Tackling some twisties on a hot summer’s day is one the best feelings on a motorcycle, but you'll need suitably ventilated gloves to enjoy it, like the Alpinestars SMX-1 Air V2. These short cuff gloves are mainly constructed from air-mesh and leather, allowing plenty of air to pass through and keep your hands cool and dry. A lightweight, breathable construction sometimes comes at the cost of protection, but not in this case. These gloves are CE-certified Level 1, which is even more impressive when you consider how inexpensive they are. There are poly-blend reinforcements with foam padding on the thumb and palm, synthetic suede reinforcements on the outseams, and a layer of hard-polymer that runs along the knuckles. The mesh construction and stretch materials along the fingers and back of the hand make these gloves extremely comfortable. There’s also an ergonomic stretch insert between the palm and thumb, so you’ll have minimal resistance when operating the brake and clutch levers. All this comfort mixed with the addition of a touchscreen compatible fingertip make these gloves excellent options for anyone who commutes in warm weather.
Comfort, feedback, and protection are the primary features I look for in a sport riding gloves, and the Alpinestars GP Pro R3 has them in spades. This model is constructed from a mix of cow and goat leather, and it uses kangaroo leather on the palm. The kangaroo leather is strategically placed to give you better feedback from the handlebars. The cow and goat leather provide good durability and abrasion resistance in the event of a fall. You can ride with confidence knowing your hands are wrapped in the top level of protection available, since this model is CE-certified Level 2. If you need to brace for impact, you’ll be thankful for the hard palm sliders and reinforced material that runs along the outer seams. Alpinestars made improvements to this model over the previous iteration in terms of comfort. Ensuring you have good dexterity when pushing your bike on the track are accordion stretch panels on the thumb, fingers, and back of the hand. Riding hard is sweaty work, but these gloves have perforated gussets that open as you clench your fist and cool your hands. There’s no touch technology at the fingertips, but that’s to be expected on gloves that are so track focused. There are other models that arguably offer even more track-focused features, but when you take price into consideration, these gloves easily take my pick.
If style is important to you, then consider getting the Dainese Blackjack Gloves. These gloves are made from perforated goatskin leather and have a retro style with a modern twist. Warm-weather riders will appreciate the perforation and lightweight construction, which helps to keep your hands relatively well ventilated. These gloves aren’t only about style, as their goatskin construction provides plenty of tactile feedback to the rider. The pre-curved design and elastication on the two control fingers mean you can wear these comfortably all day. It’s worth noting that some riders might need to go up a size when compared to other brands. Protection comes in the form of double leather reinforcement on the palms, padding across the knuckles, and double reinforced leather at the knuckles and edges of the fingers. Unfortunately, this protection is very limited, and the gloves aren’t CE rated. If safety is your priority, these aren’t the gloves for you. But, if you want to complete your retro riding gear with a modern glove at an affordable price, you can’t go wrong with this model.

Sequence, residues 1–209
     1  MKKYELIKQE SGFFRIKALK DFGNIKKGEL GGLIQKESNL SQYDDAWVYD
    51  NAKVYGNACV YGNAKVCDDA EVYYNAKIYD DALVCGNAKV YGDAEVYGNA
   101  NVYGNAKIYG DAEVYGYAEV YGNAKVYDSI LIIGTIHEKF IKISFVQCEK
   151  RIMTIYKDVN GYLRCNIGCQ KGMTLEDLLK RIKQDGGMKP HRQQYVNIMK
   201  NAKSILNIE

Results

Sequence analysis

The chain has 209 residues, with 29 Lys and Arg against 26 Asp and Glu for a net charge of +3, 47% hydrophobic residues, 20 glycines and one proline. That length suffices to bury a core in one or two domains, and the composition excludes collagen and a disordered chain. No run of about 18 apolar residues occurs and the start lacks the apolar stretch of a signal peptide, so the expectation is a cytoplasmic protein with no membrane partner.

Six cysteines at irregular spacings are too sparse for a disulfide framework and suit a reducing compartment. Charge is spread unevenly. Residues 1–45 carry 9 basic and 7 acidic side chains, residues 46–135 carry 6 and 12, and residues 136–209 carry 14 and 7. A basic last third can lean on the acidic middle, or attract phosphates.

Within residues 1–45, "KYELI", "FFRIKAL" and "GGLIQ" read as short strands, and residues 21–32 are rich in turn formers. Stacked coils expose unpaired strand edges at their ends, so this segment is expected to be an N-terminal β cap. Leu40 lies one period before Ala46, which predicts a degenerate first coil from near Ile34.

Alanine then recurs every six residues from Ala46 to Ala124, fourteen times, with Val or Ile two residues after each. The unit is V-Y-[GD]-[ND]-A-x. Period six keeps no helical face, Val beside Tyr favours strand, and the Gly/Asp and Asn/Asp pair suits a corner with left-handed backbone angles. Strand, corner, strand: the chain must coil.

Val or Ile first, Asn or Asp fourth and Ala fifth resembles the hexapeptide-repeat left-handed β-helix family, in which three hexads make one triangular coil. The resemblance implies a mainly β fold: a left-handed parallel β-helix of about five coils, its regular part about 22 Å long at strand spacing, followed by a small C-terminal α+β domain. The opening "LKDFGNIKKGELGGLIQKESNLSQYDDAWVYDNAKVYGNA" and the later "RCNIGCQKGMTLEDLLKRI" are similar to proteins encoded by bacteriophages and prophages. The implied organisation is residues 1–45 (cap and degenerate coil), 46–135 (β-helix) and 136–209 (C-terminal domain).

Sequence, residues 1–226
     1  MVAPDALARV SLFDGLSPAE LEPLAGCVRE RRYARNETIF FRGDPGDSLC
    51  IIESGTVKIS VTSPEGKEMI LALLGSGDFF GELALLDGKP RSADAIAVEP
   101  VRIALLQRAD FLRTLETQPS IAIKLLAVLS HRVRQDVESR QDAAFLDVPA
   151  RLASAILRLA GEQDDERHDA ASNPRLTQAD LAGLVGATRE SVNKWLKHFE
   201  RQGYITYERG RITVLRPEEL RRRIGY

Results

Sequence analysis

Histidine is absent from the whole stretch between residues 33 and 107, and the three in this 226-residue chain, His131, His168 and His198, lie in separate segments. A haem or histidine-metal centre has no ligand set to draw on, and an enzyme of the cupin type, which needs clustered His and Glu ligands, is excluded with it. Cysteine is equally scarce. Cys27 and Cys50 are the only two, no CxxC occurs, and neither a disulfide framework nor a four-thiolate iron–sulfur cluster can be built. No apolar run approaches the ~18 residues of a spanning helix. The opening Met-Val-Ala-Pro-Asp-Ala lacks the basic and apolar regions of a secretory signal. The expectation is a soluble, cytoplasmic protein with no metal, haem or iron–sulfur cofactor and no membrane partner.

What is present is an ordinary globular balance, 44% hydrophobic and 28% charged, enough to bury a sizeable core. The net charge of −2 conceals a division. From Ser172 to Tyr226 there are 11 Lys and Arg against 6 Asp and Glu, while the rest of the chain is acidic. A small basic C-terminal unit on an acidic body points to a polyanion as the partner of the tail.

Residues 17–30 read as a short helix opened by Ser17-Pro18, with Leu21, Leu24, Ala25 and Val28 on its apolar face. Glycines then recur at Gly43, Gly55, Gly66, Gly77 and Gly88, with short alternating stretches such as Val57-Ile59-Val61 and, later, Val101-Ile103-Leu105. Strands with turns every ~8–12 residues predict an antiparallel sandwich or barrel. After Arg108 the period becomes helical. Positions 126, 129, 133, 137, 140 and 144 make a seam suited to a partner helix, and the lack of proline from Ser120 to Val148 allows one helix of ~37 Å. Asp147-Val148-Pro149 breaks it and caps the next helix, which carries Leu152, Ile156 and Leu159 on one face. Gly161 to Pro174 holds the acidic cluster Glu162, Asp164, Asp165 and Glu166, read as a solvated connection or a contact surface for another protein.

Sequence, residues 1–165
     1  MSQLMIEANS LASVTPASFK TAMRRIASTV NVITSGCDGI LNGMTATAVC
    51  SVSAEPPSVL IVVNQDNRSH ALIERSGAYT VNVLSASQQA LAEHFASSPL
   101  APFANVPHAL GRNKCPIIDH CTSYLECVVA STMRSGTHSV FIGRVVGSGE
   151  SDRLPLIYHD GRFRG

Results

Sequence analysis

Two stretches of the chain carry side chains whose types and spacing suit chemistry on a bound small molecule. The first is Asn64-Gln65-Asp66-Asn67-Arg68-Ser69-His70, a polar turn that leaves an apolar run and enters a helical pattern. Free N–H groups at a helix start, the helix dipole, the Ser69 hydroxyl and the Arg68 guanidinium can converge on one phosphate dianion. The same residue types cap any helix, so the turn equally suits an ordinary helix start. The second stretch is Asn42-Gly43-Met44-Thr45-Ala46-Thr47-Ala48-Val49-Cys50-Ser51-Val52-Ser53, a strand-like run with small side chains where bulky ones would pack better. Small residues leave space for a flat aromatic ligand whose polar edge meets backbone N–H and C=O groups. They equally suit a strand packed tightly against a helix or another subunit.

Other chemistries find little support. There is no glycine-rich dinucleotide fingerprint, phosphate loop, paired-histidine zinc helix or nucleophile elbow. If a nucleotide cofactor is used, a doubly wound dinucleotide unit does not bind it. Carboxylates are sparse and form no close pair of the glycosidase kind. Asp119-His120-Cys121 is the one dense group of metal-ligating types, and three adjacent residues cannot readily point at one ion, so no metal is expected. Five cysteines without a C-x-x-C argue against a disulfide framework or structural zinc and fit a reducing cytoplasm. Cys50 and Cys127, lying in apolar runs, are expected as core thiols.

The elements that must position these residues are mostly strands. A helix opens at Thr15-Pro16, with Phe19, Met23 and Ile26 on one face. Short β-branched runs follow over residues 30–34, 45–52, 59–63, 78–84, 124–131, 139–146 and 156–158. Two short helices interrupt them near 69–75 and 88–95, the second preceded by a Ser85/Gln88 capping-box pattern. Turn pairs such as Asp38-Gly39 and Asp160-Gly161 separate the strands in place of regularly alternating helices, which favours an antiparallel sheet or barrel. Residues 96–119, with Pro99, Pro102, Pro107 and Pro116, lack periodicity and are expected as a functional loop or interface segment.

All-season riders, especially ones who ride in cold weather, need to invest in a pair of suitable gloves like the Highway 21 7V Radiant Heated Gloves. These gloves are heated and powered by a lithium battery, which lasts for four hours on low, three hours on medium, and two and a half hours on high heat. The heat settings are easily changeable via a control switch on the cuff, but if you run out of power, the 100 grams of Thinsulate insulation should still keep your mitts toasty. Cold fingers aren't the only problem you face throughout winter, as there’s always a chance that the heavens will open up. Thankfully, these gloves have an interior waterproof liner that is both windproof and breathable. These features, along with the glove’s pre-curved fingers, help to keep you comfortable on long commutes. Protection comes in the form of armored knuckles and a durable leather construction, but that’s all that’s on offer unfortunately. Since these are one of the higher-priced models on the list it would be great to see CE certification or at least reinforced outer seams. If you need to use your phone for navigation you won’t need to brave the elements, as the 7V Radiant Heated Gloves feature touchscreen compatible fingertips.